The actual vulnerability resides in the Firefox SSDP component. SSDP stands for Simple Service Discovery Protocol and is the mechanism through which Firefox finds other devices on the same network in order to share or receive content (i.e., such as sharing video streams with a Roku device). To better understand how this bug could be weaponized, imagine a scenario where a hacker walks into an airport or mall, connects to the Wi-Fi network, and then launches a script on their laptop that spams the network with malformed SSDP packets. Another scenario is if an attacker targets vulnerable Wi-Fi routers. Attackers could leverage exploits to take over outdated routers, and then spam a company's internal network and force employees to re-authenticate on phishing pages.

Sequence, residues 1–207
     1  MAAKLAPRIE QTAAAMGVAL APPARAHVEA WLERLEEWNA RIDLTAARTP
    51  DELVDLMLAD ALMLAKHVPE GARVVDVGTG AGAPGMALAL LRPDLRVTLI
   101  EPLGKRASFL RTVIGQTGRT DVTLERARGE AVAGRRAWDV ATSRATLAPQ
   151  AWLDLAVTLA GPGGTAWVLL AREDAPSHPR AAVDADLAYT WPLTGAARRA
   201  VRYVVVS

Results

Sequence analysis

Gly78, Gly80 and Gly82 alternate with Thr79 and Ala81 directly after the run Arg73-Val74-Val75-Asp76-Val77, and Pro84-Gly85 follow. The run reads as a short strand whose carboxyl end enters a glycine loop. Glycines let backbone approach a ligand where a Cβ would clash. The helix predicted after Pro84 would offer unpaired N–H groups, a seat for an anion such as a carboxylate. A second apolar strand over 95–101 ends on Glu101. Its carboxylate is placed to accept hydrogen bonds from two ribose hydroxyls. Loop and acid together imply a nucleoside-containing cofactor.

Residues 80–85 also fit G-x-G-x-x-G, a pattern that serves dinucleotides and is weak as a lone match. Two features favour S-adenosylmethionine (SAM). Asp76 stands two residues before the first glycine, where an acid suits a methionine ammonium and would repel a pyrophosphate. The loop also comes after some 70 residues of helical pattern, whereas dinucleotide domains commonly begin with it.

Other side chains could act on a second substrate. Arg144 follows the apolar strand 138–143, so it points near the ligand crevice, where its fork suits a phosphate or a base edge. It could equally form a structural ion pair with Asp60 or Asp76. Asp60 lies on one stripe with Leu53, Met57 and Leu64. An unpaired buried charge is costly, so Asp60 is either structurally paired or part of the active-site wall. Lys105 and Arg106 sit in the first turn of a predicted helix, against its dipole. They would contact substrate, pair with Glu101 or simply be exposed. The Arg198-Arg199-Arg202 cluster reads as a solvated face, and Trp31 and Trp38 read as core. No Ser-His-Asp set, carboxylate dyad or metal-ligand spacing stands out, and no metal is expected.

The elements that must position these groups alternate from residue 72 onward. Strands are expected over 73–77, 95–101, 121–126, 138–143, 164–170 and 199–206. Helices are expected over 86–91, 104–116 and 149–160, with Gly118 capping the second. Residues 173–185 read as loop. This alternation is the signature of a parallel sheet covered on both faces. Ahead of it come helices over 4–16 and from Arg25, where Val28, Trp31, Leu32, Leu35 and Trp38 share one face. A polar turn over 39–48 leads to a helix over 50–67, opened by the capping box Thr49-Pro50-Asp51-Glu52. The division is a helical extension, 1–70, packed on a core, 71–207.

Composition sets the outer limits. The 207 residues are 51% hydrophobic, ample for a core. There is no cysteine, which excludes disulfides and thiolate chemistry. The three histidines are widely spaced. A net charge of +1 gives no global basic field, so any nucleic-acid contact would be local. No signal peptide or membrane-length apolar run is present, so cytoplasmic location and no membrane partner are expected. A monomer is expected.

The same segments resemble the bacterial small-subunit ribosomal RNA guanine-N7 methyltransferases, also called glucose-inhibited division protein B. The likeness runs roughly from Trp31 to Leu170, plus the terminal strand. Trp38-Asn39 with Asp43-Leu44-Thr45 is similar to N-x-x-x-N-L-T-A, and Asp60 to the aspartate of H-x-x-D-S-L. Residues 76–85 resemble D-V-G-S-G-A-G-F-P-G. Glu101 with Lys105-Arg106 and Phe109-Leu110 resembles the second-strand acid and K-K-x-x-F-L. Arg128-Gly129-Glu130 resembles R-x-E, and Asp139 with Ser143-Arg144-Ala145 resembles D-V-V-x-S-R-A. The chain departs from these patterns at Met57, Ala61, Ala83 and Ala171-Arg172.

Moberly said he reported the bug to Mozilla earlier this summer. The bug was fixed in Firefox 79; however, many users may not be running the latest release. Firefox for desktop versions were not impacted. Reached for comment, a Mozilla spokesperson recommended that users upgrade to the latest version of Firefox for Android to be safe.